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Since Britain's Royal Navy acquired its fleet of Type 23 Frigates, the cost of effective anti-submarine warships has soared from around £135 million to close to £1 billion per vessel. This has reduced the number we can afford from 13 to 8.

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Much of the increased cost is due to the need for a more potent weapons mix. Type 26 will have a 127mm L54 main gun, two 30mm cannons, two Phalanx 20mm CIWS, three 8-cell Mk 41 VLS cells for Sea Ceptor SAMs, Tomahawk LAM, ASROC and LRASM and a Merlin helicopter.

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Type 26 will also have a towed array and bow sonar for submarine hunting. Its Artisan 3D radar can track 80 separate targets at 200 km. A quietened hull will reduce sonar interference when detecting submarines. These sophisticated but necessary systems add further cost.

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All in all, Type 26 global combat ships are so capable that Australia and Canada have decided to acquire them too, although some naval commentators consider them to be cruisers more than frigates. The question is whether 8 Type 26 ships is enough to fulfil our ASW tasks?

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Irrespective of ASW needs, additional surface combatants are required. The Type 31e frigate programme therefore aims to acquire 5 low-cost light frigates for non-ASW roles. So far, three designs have been shortlisted: Leander, Arrowhead 140 and a MEKO A-200 derivative.

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A Type 31e objective is to produce a vessel that costs £250 million or less. This seems ambitious given the requirement to fit Artisan radar, VLS cells for Sea Ceptor and the same FCS as Type 26. Other Light Frigates and Corvettes cost £350+ million each.

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Some think the Type 31e programme should encompass additional ASW capabilities. Others believe that even lower-spec ships without ASW equipment cannot be acquired for the proposed budget. What we can agree is that 6 Destroyers plus 8 ASW frigates is not enough.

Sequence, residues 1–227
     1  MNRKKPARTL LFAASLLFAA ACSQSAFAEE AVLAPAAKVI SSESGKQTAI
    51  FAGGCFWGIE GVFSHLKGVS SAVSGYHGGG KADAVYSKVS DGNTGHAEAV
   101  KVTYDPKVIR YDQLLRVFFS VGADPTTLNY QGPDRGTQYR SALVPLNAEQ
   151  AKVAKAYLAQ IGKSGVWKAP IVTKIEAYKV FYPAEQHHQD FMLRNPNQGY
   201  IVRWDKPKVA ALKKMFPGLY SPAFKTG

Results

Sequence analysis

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The Type 31e discussion clearly highlights how costs are reducing warship numbers. This isn't only a problem for the Royal Navy, but for other navies too. Globally, it has driven a new class of Corvettes with good anti-air and anti-surface weapons, but no ASW.

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Meanwhile, increased modularity of mission systems is helping to balance capability with cost. Systems like the SkyShield 35mm CIWS take-up little space and are easy to install. Vertical launch SAM cells are also useful because they can launch a variety of missile types.

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Modularity allows ships to "fitted for but not with" a variety of weapon systems. This kind of flexibility allows warships to have appropriate fits for each task. It also saves money. However, one area where greater modularity and lower costs are needed is ASW.

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Bow sonars allow submarine detection at speed, but rely on quiet hulls. Towed arrays restrict speed and can be affected by sea conditions. Could we increase ASW effectiveness and reduce cost through systems such as remote control surface drones and underwater vehicles?

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We need a naval equivalent of the M9-9B Reaper. When any warship can control a ghost fleet of multiple unmanned ASW drones, we will achieve greater coverage at lower cost. Of course, this is no substitute for absolute ship numbers.

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Something else that makes less costly warships an urgent priority is the emergence of hypersonic anti-shipping missiles. If a £1 billion warship can be sunk with a missile that costs less than £200,000, fleet attrition will be rapid. We may need a navy of small ships.

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Even without the hypersonic missile threat, the RN needs additional low-cost warships. While modular corvettes / light frigates like Type 31e can do much to augment Royal Navy fleet numbers; they're a pointless endeavour without more sailors to operate them.

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